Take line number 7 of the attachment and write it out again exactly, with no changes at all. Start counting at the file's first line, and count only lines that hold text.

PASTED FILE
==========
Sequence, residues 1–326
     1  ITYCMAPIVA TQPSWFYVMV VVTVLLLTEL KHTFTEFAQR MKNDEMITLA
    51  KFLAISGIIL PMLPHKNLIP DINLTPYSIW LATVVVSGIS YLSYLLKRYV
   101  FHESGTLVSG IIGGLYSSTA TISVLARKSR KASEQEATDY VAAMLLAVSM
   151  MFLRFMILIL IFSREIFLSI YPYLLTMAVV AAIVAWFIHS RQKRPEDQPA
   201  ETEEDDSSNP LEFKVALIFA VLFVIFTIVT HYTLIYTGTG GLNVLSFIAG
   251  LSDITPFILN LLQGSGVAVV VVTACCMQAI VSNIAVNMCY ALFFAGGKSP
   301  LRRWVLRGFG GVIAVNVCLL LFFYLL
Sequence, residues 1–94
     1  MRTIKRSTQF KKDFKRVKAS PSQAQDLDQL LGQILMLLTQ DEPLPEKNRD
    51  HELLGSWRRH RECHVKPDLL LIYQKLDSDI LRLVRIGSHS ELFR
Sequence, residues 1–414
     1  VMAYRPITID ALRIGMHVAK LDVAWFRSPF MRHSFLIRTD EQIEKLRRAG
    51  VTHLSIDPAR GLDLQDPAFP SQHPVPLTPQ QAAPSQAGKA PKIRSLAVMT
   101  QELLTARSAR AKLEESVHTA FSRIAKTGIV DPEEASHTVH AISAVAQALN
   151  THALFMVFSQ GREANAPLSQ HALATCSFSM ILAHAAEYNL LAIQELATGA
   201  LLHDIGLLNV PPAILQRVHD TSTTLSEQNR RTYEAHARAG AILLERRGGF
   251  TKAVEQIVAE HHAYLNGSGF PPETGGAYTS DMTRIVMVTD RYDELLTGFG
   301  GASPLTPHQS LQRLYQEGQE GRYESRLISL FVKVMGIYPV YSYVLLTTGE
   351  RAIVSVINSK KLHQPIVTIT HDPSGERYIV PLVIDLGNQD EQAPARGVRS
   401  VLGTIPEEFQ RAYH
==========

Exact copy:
   251  LSDITPFILN LLQGSGVAVV VVTACCMQAI VSNIAVNMCY ALFFAGGKSP